Everything one day comes to an end

Matt Westerhold
Nov 25, 2013

The Register's digital editor, Jason Werling, started a blog last week at sanduskyregister.com asking readers what changes they want to see at the news website.

“I would like to see having to log in to comment,” the second reader who commented at the blog said.

That's been debated for years, weighing the value of the interaction against the wild west-like attitude that some commenters have displayed. There were other readers at the blog who argued for keeping comments anonymous.

There have been times in the last five years when prejudices, biases and blatant racism showed up in the comments section at sanduskyregister.com in a way that was, at first, hard to comprehend.

Nearly five decades after the civil rights movement exposed the blatant racism of public officials in Montgomery, Ala., with their police dogs attacking children and their fire hoses turned on peaceful protesters, that same attitude was still apparent, right here on the North Coast, in the Register's comment section.

Unlike Montgomery police Chief (commissioner of public safety) Bull Conner, however, this modern-day racism was cloaked in the anonymity the comments section allowed. At times, we were forced to simply turn off the comments feature at the website; other times we allowed it to occur.

The anonymity allowed the sources of this racism to be hidden, but the question was should the Register hide that from the community by not allowing anonymous commenting. There is some value in knowing that some in our community are as racist today as Bull Conner was then.

The civil rights movement succeeded in an important way: It made that kind of racism go underground. A certain number of local residents still had those same attitudes, but expressing them openly is no longer an option. Too many people have become enlightened and will not tolerate it without responding.

There's nothing courageous about racist, anonymous commenting and then slinking away with a superior attitude. But racism is not the only problem with allowing anonymous commenting, and it's not the only thing about sanduskyregister.com that will be changing in 2014.

Comments drive traffic to the website, which is an important component for every newspaper developing new business models for digital products. The Sandusky Register's website enjoys robust traffic. There likely are few, if any, community newspapers anywhere that wouldn't gladly trade up for our traffic numbers.

In recent months the Register has changed its digital distribution of newspaper content at the website. Previously, stories were routinely “truncated,” or shortened considerably, and used as a tease for readers to purchase the daily print edition or the newspaper e-edition, an electronic replica of the newspaper available at the website.

Lately, however, we've been developing a “full distribution” model in which news stories are placed at the website in full without requiring readers to purchase the content. In addition, we've added other features, columns and content from the print edition into the “stream” of stories that get posted at the website.

The free, full-distribution services are temporary, however, in preparation for changes at sanduskyregister.com that will be made next year.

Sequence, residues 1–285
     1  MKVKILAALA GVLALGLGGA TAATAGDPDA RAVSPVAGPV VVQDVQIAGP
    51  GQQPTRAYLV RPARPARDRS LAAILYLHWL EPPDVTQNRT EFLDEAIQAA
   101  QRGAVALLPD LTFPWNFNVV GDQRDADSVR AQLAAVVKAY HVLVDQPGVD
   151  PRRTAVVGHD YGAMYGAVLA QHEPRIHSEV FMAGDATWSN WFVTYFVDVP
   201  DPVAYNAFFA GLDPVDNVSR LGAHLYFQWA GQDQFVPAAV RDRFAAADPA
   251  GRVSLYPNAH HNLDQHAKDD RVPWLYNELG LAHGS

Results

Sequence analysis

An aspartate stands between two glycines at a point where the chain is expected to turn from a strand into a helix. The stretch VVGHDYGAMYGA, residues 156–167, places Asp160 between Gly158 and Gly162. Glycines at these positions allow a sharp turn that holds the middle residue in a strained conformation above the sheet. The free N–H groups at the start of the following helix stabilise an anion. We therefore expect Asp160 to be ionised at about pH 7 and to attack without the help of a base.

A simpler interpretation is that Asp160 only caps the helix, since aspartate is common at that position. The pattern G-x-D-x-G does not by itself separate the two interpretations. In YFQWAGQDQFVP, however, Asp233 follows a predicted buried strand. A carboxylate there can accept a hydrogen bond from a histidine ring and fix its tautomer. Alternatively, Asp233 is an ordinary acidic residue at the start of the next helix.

In 2014, Sandusky Newspapers Inc., which owns the Register and seven other newspapers, will make a major capital investment upgrading our technology and introducing a digital membership service.

There will still be content every day that readers can access at no charge, but the meat of our labors will be reserved for readers who pay us for our services. The specifics how this will work are still being reviewed, but how readers access news stories, and how they can comment at the website, will be changing.

Werling's blog asking readers what they want at the website is an integral part of that development process and there were many good suggestions from readers that will be incorporated in the changes that will be made.

Werling plans to continue getting feedback from readers each week at his blog, and reporting back on the developments and incorporating every good idea in the development. Go to the “Blogs” section at the homepage to share your thoughts at Werling's blog. 



Re: "There likely are few, if any, community newspapers anywhere that wouldn't gladly trade up for our traffic numbers."

And the number of commenters and interested readers of same aren't helping to cause those "hits" and didn't lead in turn to producing those inflated "numbers"?

Good luck with your new intended business model.

Licorice Schtick

The e-paper is unwieldy and not worth the price. It would be much better in HTML. I don't know why that's so hard. The New York Times has the look and feel of a Real Paper but is easy to navigate. Limited free access. You do need to "register" (no pun intended) but it's pretty seamless. Home subscribers get free access. Didn't the SR once do that?



Im being thankful.. Google is paying 75$/hour! Just work for few hours & spend more time with friends and family. On sunday I bought themselves a Alfa Romeo from having made $5637 this month. its the best-job Ive ever had.It sounds unbelievable but you wont forgive yourself if you don’t check it out http://goo.gl/f6e95V


Re: "Montgomery, Ala.,"

Easy for moralistic Yankees to point fingers at the South and leave Boston and other Northern centers of racism out of the equation.

For one: Under Reconstruction southern states were required to allow blacks to vote, while northern ones like Ohio still practiced discrimination.


The public will pay for content that has is presented in a fair and unbiased manner. I agree racism is still a problem that society must address. Unfortunately sometimes racism is used as a diversion to take attention away from other issues or attempt to quell justifiable criticism.